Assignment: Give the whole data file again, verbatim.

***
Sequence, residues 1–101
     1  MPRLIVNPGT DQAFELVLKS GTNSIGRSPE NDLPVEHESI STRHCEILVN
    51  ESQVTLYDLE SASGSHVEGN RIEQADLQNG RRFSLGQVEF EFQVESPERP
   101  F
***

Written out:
Sequence, residues 1–101
     1  MPRLIVNPGT DQAFELVLKS GTNSIGRSPE NDLPVEHESI STRHCEILVN
    51  ESQVTLYDLE SASGSHVEGN RIEQADLQNG RRFSLGQVEF EFQVESPERP
   101  F